TEMPE, Ariz. -- The Angels got their first look at two rotation hopefuls on Wednesday when right-handers Jesse Chavez and Alex Meyer each pitched two scoreless innings in the club's 3-2 walk-off win over the Rangers at Tempe Diablo Stadium.Chavez took the mound first and struck out three in his
TEMPE, Ariz. -- The Angels got their first look at two rotation hopefuls on Wednesday when right-handers Jesse Chavez and Alex Meyer each pitched two scoreless innings in the club's 3-2 walk-off win over the Rangers at Tempe Diablo Stadium.
Chavez took the mound first and struck out three in his first start since last spring. The 33-year-old veteran worked exclusively out of the bullpen with the Blue Jays and Dodgers last year, though he said he's excited about getting the opportunity to start again.
"[I was] a little anxious," said Chavez, who allowed one hit. "I was probably ready probably an hour too soon. But just being able to get out there -- especially the first outing with a new team -- I wanted to get off right. Today went in the right direction."
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Chavez signed a one-year, $5.75 million deal with the Angels over the offseason and is a frontrunner in the open competition for the fifth-starter spot, though he could also be used as a reliever if he struggles in the rotation. But Chavez made it clear that his preference is to start, even if it means having to fight for the role.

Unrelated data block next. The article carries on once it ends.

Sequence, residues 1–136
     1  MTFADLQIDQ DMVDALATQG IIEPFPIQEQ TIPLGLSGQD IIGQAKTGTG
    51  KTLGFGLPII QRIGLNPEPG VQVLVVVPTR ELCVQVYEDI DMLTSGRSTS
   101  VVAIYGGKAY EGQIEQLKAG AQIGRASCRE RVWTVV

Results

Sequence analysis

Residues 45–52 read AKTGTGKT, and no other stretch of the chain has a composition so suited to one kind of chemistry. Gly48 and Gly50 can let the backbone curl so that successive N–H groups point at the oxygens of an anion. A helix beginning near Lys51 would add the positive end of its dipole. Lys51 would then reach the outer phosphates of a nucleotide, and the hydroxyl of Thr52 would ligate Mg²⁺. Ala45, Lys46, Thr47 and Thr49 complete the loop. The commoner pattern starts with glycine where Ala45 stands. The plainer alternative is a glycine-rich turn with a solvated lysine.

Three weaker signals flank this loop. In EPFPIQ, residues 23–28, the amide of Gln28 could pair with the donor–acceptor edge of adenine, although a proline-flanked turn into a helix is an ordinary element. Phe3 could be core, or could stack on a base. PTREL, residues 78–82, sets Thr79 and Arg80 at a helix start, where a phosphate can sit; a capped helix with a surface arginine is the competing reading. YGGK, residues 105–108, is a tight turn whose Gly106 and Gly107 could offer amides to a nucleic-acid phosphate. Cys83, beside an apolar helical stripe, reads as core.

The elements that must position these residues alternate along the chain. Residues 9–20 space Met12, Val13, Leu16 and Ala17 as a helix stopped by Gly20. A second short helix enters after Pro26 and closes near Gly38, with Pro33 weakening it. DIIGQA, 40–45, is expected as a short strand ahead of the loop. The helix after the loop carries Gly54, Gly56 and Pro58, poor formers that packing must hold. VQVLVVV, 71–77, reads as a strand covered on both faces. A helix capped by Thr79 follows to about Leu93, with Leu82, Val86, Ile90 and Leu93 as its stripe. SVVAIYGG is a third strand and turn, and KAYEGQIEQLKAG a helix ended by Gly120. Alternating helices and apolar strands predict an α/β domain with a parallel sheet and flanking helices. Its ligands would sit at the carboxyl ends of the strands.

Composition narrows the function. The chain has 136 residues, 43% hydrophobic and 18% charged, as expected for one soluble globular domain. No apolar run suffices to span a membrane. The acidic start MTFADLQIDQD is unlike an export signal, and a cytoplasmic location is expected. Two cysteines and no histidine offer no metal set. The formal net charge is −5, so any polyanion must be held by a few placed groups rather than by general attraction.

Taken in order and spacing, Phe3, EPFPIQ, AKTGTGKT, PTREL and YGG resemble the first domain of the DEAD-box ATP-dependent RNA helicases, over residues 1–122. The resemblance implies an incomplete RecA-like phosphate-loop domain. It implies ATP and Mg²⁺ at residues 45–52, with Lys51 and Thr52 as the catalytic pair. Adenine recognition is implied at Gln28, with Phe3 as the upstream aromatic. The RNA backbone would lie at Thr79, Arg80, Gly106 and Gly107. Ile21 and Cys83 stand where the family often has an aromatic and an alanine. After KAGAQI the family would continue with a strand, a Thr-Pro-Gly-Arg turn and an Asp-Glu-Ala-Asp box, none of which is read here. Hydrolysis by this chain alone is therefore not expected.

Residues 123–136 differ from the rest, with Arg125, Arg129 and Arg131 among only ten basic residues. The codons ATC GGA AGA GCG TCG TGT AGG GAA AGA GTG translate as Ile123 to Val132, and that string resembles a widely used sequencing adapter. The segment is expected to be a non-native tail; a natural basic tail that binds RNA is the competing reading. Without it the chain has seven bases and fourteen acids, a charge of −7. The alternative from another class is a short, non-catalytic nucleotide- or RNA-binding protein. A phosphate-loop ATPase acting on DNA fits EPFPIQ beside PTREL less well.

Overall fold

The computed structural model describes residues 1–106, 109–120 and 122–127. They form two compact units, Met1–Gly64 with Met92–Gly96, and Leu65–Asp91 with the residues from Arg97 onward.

"Subconsciously, yeah, I want to keep that mentality that it's mine to lose," Chavez said. "I hope everyone is keeping that mentality. But it's nothing new for me. I've been in that situation before. Every veteran should have to go through that, where you need somebody pushing you behind the scenes, so to speak. I relish it because it's going to make me better. You don't want to get complacent in this game. And by you always having competition, it makes it that much more fun. I'm out there rooting for those guys, just as they're rooting for me."
Meyer, who is also in contention to be the Angels' fifth starter, took over for Chavez in the third.
The 27-year-old prospect worked on speeding up his delivery over the offseason to avoid shoulder trouble, but he said he felt like he was going too fast in his first inning of work, which resulted in back-to-back walks to Doug Bernier and Andy Ibanez. Still, Meyer settled down after a mound visit from pitching coach Charles Nagy, inducing a 3-6-1 double-play to escape the jam. He pitched a perfect fourth, notching one strikeout.
"I was a little faster than I needed to be in the first inning, especially with my fastball," Meyer said. "I felt like in the second inning my fastball command was much better, but I also slowed down. It's just going to be a matter of finding consistency, especially when you've got batters in there and everything. But overall, I'm happy I got out of it."
Manager Mike Scioscia has said that the Angels view Meyer as a starter, meaning he'll likely open the season in Triple-A Salt Lake if he's unable to win a spot in the rotation rather than work as a reliever in the Major League bullpen.
**Maria Guardado** covers the Angels for MLB.com.